A marriage within the Islamic culture typically requires that the couple sign a marriage contract prior to the marriage ceremony. The contract usually includes what is called a “mahr.” This is what the husband intends to give to the wife either immediately upon marriage or it is deferred until the marriage ends either due to divorce or death. A mahr is the opposite of what English common law called a “dowry,” which is what a husband expected to get after marrying a woman. The mahr amount for a couple of average means is often somewhere around $25,000, although not only money may be offered as a mahr.
In essence then, the Islamic marriage contract can be considered a sort of prenuptial agreement. Some courts have been reluctant to enforce these contracts under contract law because payment of the mahr is considered a religious act and federal and state laws prohibit forcing someone to engage in a religious act. Courts have enforced these contracts, under prenuptial agreement law, but prenuptial agreements must meet specific criteria to be enforceable. Because of the way the Islamic marriage contract is agreed upon, this poses a problem for its enforcement.
According to the guidelines posted on http://www.ladanlaw.com/, in order to be enforceable in Ohio courts, a prenuptial agreement is enforceable only if 1) it was entered into without fraud, duress, coercion of overreaching 2) there was full disclosure about the spouse’s assets and the other spouse understood the value of those assets and 3) the terms of the contract do no promote divorce or making money off of divorce.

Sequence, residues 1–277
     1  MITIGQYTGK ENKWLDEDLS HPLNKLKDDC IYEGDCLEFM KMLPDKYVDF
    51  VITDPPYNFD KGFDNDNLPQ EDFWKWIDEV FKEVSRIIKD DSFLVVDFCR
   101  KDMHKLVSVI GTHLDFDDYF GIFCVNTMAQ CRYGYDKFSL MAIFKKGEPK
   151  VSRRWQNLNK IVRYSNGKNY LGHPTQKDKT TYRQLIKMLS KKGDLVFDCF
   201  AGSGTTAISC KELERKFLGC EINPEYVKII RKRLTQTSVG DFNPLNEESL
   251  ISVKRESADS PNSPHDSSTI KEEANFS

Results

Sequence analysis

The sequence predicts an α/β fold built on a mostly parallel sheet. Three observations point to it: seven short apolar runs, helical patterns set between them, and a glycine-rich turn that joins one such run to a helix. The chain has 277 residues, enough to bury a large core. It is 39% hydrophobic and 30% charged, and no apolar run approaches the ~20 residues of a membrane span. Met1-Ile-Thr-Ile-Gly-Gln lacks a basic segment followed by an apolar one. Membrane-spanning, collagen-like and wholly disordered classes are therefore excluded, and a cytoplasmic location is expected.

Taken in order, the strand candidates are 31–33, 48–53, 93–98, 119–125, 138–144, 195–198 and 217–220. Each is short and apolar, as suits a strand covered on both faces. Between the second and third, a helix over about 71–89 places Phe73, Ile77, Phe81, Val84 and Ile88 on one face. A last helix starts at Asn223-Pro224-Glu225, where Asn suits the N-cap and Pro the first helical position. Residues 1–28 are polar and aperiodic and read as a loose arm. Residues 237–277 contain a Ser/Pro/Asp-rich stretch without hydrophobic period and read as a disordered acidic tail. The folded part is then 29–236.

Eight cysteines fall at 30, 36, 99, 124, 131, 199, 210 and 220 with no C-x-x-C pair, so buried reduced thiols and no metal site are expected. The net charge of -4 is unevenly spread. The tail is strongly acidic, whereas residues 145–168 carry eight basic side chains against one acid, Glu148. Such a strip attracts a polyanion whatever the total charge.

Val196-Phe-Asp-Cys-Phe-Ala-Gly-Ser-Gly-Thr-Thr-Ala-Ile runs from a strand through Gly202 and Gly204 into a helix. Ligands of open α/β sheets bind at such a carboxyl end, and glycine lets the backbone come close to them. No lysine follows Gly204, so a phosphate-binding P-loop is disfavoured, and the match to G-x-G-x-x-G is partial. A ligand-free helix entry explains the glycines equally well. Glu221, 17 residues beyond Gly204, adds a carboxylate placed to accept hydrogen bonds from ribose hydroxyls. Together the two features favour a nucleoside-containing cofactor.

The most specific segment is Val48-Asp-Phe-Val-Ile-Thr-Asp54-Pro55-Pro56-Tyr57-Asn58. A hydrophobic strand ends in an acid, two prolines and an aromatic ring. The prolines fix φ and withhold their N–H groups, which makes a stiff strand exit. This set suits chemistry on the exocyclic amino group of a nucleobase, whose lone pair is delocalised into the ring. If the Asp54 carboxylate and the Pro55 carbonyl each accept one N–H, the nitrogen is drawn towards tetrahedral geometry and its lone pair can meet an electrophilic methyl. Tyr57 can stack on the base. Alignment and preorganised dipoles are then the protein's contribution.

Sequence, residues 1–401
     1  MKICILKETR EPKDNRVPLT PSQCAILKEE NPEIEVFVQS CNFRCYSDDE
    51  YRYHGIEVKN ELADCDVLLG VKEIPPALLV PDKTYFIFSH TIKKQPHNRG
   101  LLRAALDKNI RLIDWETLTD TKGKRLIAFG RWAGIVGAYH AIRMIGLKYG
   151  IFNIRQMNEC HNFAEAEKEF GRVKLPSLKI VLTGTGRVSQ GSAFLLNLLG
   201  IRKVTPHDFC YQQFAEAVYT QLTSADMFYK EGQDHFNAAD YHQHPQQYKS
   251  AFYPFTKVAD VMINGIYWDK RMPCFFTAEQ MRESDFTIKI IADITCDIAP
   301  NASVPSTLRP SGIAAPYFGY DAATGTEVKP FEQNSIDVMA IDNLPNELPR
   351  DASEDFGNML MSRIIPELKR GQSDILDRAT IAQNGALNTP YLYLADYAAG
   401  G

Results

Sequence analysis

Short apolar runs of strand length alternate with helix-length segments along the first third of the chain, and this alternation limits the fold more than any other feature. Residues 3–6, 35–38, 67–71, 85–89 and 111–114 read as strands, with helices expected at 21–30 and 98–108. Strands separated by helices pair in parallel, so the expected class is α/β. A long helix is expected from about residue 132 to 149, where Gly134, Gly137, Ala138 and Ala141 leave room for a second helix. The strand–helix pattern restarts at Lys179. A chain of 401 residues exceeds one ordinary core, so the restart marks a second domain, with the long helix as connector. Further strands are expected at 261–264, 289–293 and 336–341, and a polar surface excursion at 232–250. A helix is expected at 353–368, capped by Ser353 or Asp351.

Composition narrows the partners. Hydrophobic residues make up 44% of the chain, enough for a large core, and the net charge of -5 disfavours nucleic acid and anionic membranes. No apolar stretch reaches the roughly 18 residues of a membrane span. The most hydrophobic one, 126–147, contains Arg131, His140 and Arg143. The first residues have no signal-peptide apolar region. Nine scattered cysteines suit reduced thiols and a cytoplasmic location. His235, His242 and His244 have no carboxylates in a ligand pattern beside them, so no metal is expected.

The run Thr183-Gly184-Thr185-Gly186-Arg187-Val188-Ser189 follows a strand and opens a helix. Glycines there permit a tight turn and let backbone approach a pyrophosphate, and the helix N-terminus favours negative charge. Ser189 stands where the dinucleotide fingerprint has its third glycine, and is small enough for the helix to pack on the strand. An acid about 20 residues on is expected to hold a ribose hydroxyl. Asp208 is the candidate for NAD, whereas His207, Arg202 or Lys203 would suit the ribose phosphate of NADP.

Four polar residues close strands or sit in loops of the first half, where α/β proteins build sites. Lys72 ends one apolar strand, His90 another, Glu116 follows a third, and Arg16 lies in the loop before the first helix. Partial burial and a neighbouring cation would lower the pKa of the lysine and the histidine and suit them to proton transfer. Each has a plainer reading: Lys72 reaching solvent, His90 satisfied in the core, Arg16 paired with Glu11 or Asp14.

A big problem for the enforcement of a mahr in Islamic marriage contracts is that the contracts are often discussed and signed shortly before the wedding ceremony. Courts view this as a form of duress when a spouse learns about and signs a contract shortly before the wedding. This is could be as short as minutes, days or weeks. Typically then, plans have already been made, guests have been invited, and it would be an embarrassment for a spouse’s family if the wedding were delayed while one of the spouses is considering whether to sign the prenuptial agreement.
So, Islamic marriage contracts may be enforceable under limited circumstances. The best thing to do to make an Islamic marriage contract enforceable is for both spouses to disclose the value of all their assets and to have ample time to contact a lawyer and to consider whether to enter into the agreement.